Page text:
Agency/client contracts: signing on the dotted line

February 28, 2016

Agency/client contracts: signing on the dotted line

Getting your client to sign a contract for services is the shangri-la of all agency/client relationships, but is often difficult to secure.

A contractual agreement can help define how you'll manage the agency/client relationship and expectations, and will help both parties understand and protect their legal rights and responsibilities. So, what are these contracts, and why isn't everyone using them?


What is an agency/client contract?

Contracts take on many forms. The most common contracts between an agency and their client can include:

  • Emails. Yes, indeed, in some states and countries, emails are considered to be enforceable, binding contracts. It is best to avoid casually negotiating the terms of proposed agreements via email. However, if you do use email for negotiating, then you should explicitly include a statement such as the following (e.g. as a small-print footer):
    • This email is not an offer capable of acceptance, does not evidence an intention to enter into an agreement, has no operative effect until a definitive agreement is signed in writing by both parties, and that no party should act in reliance on the email or any representations of the sender until a definitive agreement is signed in writing by both parties. 
  • Quotes and proposals. We generate quotes and proposals all the time, but how many of you ever get your client to sign and return them? For jobs where the dollar value is high (such as web development) or where there needs to be an understanding of what both parties will contribute to the project, then a signed proposal could prove to be your agency's "bacon-saver".
  • Preferred supplier agreement. A PSA is usually offered by large companies, corporations and government departments. It can be highly beneficial for an agency to seek this type of contractual arrangement. However, before your agency signs any "preferred supplier agreement", the definition of the phrase should be clearly outlined. For instance, which of the following will apply?
    • During the contract period your agency will be given the first opportunity to supply services in preference to all other suppliers, and that your client will not obtain services from any other agency without giving you a reasonable opportunity to carry out the work first.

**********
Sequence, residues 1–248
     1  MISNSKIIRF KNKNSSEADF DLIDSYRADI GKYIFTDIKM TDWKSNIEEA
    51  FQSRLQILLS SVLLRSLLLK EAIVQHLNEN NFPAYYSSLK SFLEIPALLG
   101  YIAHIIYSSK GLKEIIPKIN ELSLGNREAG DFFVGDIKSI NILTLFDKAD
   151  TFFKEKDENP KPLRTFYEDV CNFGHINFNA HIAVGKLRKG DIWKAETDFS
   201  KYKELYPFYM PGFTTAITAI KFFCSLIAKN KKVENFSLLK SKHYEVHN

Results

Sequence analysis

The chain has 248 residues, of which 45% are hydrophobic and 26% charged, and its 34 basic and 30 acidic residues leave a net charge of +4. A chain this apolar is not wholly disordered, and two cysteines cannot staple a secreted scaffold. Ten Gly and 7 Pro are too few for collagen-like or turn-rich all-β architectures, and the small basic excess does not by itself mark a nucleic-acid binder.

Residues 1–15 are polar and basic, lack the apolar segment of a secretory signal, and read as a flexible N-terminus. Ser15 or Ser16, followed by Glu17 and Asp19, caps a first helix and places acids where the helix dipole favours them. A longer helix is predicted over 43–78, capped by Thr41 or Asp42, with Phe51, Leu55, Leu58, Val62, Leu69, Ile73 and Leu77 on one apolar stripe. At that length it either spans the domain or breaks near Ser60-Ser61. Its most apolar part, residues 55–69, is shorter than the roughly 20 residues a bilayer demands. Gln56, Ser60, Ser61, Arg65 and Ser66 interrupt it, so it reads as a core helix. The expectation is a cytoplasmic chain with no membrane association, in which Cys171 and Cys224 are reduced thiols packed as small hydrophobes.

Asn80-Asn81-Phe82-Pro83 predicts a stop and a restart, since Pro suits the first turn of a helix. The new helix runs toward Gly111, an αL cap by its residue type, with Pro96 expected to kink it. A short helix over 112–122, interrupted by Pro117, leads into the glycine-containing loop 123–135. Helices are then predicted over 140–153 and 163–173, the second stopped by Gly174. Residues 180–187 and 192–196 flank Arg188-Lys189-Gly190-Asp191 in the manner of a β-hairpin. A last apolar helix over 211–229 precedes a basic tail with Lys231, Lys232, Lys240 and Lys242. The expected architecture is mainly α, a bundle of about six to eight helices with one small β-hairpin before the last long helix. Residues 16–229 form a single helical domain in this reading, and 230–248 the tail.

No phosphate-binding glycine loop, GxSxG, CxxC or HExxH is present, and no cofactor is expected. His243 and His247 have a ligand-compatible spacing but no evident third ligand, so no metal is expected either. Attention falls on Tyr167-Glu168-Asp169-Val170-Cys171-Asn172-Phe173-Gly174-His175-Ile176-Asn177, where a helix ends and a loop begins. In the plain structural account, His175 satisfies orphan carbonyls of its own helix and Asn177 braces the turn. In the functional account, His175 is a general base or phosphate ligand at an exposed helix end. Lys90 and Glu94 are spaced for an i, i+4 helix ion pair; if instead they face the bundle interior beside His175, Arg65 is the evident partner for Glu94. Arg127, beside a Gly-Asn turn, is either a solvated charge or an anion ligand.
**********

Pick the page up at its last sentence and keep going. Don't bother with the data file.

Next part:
• During your contract period your agency will not be given any priority or be preferred over and above other agencies, you will merely be an approved supplier of agency services - one of a number of agencies on the preferred supplier list.
  • Agency Agreement. Having your client sign an Agency Agreement shows your relationship has just entered "grown up" territory. It's ideal to have an Agency Agreement in place right at the start of your dealings, but can be entered into at any stage. The agreement should clearly outline the start and finish dates, what products/services will be included and excluded, and whether the business will be conducted on an exclusive or non-exclusive basis.
  • Retainer. If there's one contract you should be gunning for, it's this one. A retainer contract is one where your client agrees to pay your agency a set fee for services rendered. This can be either a one-off payment in advance or a recurring payment (e.g. monthly). The fee is most commonly paid on a fixed (pre-negotiated) rate, or on a variable hourly rate. The purpose of a retainer fee is to ensure payment for future services, and can be a much-needed solution for agency cashflow.


Why is getting your client to sign a contract so difficult to achieve?

  • You have been too afraid to ask. Never venture, never gain. Your client can either say "yes" or "no", so think about the opportunities that could arise if they actually said "yes"!
  • You never thought to ask. Maybe you are so comfortable doing regular projects for your client that you haven't even thought to talk about contracts or retainers.
  • You don't have a copy of a contract (and don't want to pay a lawyer to supply one). Given the (often free) knowledge and resources that you can get via the internet, this one is no longer a valid excuse!
  • Client loyalty may be low. The concept of a client remaining loyal to one agency is changing. When previously all work may have flowed through one single agency, some clients are now selecting agencies on a project-by-project basis. Therefore long-term contracts become unwanted and unnecessary.
  • The work is too sporadic. If it is not possible to forecast a certain quantity of work within a time period (e.g. one year) then a client may perceive the risk of locking themselves into a retainer contract may be too great.
  • Your agency/client relationship is not proven. It may be that your relationship has not yet matured to the point where your client will trust that your agency can consistently produce work on time, on budget and to a high standard.


Going forward

When you are doing your next round of account planning, take a good look at the state and stage of your agency/client relationships. Is there anything more you could do to get your client onto an Agency Agreement or retainer? Perhaps you need to tighten up your email or quoting policies. Maybe you could look at the language you use with your clients and see how you could encourage a tighter (contractual) relationship going forward.

Moving your clients to a higher level of commitment is mutually beneficial, and is one of the best ways to help with agency budgeting and cashflow. If your agency has any concerns in this area (and most do), then being brave enough to have adult conversations around contracts is a necessity. Happy negotiating!




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